One rule for the fruition of a dream is that you must have a strong desire and an absolute belief in its success. Dr. Jehada-Inn U Misuari Alihuddin still vividly remembers the answer she wrote in a slam book during her high school days about her ambition in life-to be a doctor. Several decades and tons of perseverance and faith later, the proud daughter of a CMP beneficiary in Zamboanga City is now a prominent obstetrician-gynecologist at the West Metro Medical Center.

Aside from her relentless determination and deep drive to succeed, Doc Jeng, as she is affectionately called, credited the attainment of her career goal to the tenurial security they got from SHFC’s housing initiative and the values that she learned in the community she grew up in. “We were originally from Jolo, Sulu and we found a second home in Maharlika HOAI. Living there helped us realized our dreams,” the youngest of four siblings shared. “More than the house itself, it is the community (that helped us through). Our neighbors are Christians and Muslims. Although they are culturally different, they share the same values and everybody is there for each other.”

According to Doc Jeng, their family had moved four times before finally settling in Barangay Baliwasan, where Maharlika HOAI is located. “NPA (no permanent address) kami noon,” she said, injecting a note of humor to the interview. Turning serious, the University of the

Philippines-Cebu alumna shared that their situation in Maharlika was very difficult back then, especially during the rainy season. “Kapag malakas ang ulan, bumabaha talaga sa amin. Pero nagpapasalamat ako sa mga magulang ko kasi ipinaglaban at inayos nila ‘yung lugar kahit squatter’s area siya,” she shared, adding reference to her mother, Aida Usman-Misuari, the current president of Maharlika HOAI.

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Not only did their early struggles living in the community shaped her perspective in life but also her passion to spread awareness on cervical cancer treatment and prevention. Doc Jeng revealed that her decision to specialize in obstetrics and gynecology has very personal roots. “’Yung lola ko namatay dahil sa cervical cancer. Hindi nya sinasabi sa amin na may sakit siya,” she said. “When we found out, it was too late. She refused treatment because we don’t have money at that time.” This particular episode was the driving force for her to do something about the disease, which is the second leading cause of death among women in the country, next to breast cancer.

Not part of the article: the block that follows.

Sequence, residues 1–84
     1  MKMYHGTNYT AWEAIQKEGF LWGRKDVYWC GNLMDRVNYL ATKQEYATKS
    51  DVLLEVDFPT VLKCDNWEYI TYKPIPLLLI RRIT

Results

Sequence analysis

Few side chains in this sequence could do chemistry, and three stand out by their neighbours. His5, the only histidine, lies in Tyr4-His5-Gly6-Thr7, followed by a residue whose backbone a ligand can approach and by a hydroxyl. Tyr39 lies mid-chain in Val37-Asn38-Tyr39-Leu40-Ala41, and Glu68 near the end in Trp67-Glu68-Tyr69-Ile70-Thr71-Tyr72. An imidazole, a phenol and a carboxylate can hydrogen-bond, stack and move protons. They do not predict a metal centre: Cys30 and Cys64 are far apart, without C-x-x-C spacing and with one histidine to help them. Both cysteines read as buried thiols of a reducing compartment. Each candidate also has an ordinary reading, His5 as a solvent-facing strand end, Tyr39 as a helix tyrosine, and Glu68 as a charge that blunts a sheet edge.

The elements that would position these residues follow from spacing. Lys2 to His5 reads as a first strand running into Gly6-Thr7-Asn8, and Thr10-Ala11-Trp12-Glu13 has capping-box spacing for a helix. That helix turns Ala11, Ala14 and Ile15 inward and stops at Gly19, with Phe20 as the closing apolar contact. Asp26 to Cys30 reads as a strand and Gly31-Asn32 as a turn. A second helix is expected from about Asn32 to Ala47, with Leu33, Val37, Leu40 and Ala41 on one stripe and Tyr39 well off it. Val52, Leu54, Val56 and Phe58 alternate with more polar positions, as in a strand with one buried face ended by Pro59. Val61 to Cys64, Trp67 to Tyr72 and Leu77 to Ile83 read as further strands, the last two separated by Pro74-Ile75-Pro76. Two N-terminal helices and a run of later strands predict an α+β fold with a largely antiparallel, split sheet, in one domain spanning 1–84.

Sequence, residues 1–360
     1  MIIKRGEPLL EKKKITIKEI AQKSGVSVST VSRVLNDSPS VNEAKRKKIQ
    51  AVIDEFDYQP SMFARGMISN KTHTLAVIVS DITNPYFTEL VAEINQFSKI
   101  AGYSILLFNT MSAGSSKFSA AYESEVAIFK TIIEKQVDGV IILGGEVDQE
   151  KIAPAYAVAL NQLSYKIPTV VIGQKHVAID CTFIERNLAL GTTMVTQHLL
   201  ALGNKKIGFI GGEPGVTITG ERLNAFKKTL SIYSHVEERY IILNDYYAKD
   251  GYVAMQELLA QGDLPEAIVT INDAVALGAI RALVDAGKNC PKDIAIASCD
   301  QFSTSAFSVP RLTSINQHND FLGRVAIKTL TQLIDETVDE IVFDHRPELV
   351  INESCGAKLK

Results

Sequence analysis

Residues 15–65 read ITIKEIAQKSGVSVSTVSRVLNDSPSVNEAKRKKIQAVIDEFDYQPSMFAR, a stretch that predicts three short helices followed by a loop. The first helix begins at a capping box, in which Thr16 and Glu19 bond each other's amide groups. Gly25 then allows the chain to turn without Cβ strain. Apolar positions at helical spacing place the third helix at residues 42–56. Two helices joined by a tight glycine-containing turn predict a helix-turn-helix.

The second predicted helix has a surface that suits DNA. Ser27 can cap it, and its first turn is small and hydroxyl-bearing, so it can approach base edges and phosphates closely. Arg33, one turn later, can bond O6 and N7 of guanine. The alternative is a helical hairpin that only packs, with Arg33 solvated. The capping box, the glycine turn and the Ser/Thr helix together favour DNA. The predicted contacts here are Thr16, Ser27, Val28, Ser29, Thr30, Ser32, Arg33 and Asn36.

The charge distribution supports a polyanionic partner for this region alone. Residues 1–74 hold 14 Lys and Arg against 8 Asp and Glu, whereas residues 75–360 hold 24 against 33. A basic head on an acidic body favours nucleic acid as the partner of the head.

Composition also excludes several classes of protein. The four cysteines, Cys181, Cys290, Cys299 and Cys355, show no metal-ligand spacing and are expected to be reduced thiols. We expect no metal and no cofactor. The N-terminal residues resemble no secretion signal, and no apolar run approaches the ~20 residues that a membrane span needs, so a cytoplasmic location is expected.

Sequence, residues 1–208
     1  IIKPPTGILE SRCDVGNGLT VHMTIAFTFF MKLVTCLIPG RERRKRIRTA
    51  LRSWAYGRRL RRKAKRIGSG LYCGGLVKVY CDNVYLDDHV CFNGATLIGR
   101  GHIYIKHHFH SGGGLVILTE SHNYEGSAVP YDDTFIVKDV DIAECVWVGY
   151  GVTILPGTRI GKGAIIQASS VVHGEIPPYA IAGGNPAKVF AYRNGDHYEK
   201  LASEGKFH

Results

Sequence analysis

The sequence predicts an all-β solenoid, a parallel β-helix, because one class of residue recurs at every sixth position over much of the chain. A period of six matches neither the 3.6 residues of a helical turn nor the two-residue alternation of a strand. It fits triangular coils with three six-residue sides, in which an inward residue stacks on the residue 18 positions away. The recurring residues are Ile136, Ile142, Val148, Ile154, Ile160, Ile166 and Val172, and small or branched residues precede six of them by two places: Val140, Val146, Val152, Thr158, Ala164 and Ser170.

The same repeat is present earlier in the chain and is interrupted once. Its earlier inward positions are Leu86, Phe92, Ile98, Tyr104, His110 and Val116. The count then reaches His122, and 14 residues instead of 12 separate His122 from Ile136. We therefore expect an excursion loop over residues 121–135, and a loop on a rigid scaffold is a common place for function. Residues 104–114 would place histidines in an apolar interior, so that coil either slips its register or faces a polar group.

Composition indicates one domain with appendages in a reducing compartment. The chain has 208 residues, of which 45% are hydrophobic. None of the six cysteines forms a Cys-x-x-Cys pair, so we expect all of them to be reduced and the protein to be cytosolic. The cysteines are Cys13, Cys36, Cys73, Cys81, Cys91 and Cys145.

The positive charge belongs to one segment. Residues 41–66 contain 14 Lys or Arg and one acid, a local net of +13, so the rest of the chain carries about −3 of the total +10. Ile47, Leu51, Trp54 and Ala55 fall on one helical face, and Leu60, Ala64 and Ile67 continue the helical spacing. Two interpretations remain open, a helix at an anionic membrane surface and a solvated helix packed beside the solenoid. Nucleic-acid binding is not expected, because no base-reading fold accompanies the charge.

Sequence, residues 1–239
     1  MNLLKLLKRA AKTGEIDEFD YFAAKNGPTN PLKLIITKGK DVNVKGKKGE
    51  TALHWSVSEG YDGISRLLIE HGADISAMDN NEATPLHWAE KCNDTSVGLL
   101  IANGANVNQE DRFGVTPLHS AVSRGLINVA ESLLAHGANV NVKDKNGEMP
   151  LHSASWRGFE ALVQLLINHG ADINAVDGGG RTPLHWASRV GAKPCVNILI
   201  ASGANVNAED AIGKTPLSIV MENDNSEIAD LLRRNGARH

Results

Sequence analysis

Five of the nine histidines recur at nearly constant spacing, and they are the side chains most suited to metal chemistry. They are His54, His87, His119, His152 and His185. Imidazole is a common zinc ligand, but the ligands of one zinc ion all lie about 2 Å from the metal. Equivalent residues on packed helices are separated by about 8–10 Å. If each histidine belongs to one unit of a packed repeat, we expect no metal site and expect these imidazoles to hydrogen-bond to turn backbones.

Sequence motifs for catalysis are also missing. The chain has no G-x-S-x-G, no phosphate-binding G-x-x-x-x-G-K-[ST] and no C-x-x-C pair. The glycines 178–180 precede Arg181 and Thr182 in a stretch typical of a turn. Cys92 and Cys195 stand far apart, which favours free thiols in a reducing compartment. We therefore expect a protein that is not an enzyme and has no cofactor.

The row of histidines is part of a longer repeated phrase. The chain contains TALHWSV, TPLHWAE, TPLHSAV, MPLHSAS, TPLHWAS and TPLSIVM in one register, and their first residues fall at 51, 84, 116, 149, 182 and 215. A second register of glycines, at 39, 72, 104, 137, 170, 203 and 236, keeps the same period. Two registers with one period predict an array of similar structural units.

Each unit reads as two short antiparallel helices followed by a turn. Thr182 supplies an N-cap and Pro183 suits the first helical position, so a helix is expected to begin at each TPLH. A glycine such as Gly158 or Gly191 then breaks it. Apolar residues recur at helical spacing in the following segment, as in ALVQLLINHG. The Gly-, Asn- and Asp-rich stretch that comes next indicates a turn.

Admittedly, Doc Jeng said her passion is also fuelled by culturally embedded beliefs of Muslims. “Muslim women are at risk of contracting cervical cancer because polygamy is allowed in Islam,” she explained. “I wanted to tell them that they have a choice and that cervical cancer can be prevented, especially if they are properly educated.” While she acknowledged that having Muslim women undergo screening remains a challenge, she expressed happiness and pride that the younger generations are more open to the intervention.

The mother of two has been enjoying an overwhelming sense of empowerment and fulfillment since she started doing lectures about cervical cancer during her time at the Philippine General Hospital in Manila. In January, Doc Jeng, with prodding from her mother, delivered a talk before 60 female participants during the SHFC-initiated medical mission in Zamboanga City as part of giving back to the community. One of her grand plans is to have every woman in Baliwasan screened and bring her cause to more barangays in the city.

Doc Jeng believes that now is the right time to beef up efforts to promote cervical cancer prevention and early detection. The enormity of the disease can be overwhelming, but passionate people like her and growing support from various partners make all the difference.